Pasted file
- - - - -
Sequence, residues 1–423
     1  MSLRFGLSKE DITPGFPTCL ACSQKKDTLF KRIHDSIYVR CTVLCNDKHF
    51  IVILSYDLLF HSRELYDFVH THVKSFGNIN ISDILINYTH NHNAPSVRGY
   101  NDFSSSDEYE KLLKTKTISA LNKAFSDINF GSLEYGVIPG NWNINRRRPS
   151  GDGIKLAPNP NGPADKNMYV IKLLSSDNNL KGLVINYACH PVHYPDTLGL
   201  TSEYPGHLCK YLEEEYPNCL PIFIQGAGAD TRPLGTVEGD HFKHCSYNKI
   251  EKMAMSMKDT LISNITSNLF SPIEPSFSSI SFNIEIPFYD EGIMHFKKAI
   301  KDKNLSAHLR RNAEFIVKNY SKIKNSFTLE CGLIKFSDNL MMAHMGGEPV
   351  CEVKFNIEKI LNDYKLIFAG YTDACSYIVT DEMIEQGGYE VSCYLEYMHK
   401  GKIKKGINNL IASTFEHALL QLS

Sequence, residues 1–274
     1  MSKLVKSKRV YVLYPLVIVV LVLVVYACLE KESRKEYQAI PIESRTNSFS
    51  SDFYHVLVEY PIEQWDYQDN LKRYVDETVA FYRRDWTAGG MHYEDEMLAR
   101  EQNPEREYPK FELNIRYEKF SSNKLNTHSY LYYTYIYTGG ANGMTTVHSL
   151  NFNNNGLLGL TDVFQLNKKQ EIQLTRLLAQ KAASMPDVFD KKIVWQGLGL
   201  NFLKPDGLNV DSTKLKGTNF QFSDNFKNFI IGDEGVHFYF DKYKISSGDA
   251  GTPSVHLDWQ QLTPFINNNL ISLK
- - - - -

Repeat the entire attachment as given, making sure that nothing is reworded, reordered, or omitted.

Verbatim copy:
Sequence, residues 1–423
     1  MSLRFGLSKE DITPGFPTCL ACSQKKDTLF KRIHDSIYVR CTVLCNDKHF
    51  IVILSYDLLF HSRELYDFVH THVKSFGNIN ISDILINYTH NHNAPSVRGY
   101  NDFSSSDEYE KLLKTKTISA LNKAFSDINF GSLEYGVIPG NWNINRRRPS
   151  GDGIKLAPNP NGPADKNMYV IKLLSSDNNL KGLVINYACH PVHYPDTLGL
   201  TSEYPGHLCK YLEEEYPNCL PIFIQGAGAD TRPLGTVEGD HFKHCSYNKI
   251  EKMAMSMKDT LISNITSNLF SPIEPSFSSI SFNIEIPFYD EGIMHFKKAI
   301  KDKNLSAHLR RNAEFIVKNY SKIKNSFTLE CGLIKFSDNL MMAHMGGEPV
   351  CEVKFNIEKI LNDYKLIFAG YTDACSYIVT DEMIEQGGYE VSCYLEYMHK
   401  GKIKKGINNL IASTFEHALL QLS

Sequence, residues 1–274
     1  MSKLVKSKRV YVLYPLVIVV LVLVVYACLE KESRKEYQAI PIESRTNSFS
    51  SDFYHVLVEY PIEQWDYQDN LKRYVDETVA FYRRDWTAGG MHYEDEMLAR
   101  EQNPEREYPK FELNIRYEKF SSNKLNTHSY LYYTYIYTGG ANGMTTVHSL
   151  NFNNNGLLGL TDVFQLNKKQ EIQLTRLLAQ KAASMPDVFD KKIVWQGLGL
   201  NFLKPDGLNV DSTKLKGTNF QFSDNFKNFI IGDEGVHFYF DKYKISSGDA
   251  GTPSVHLDWQ QLTPFINNNL ISLK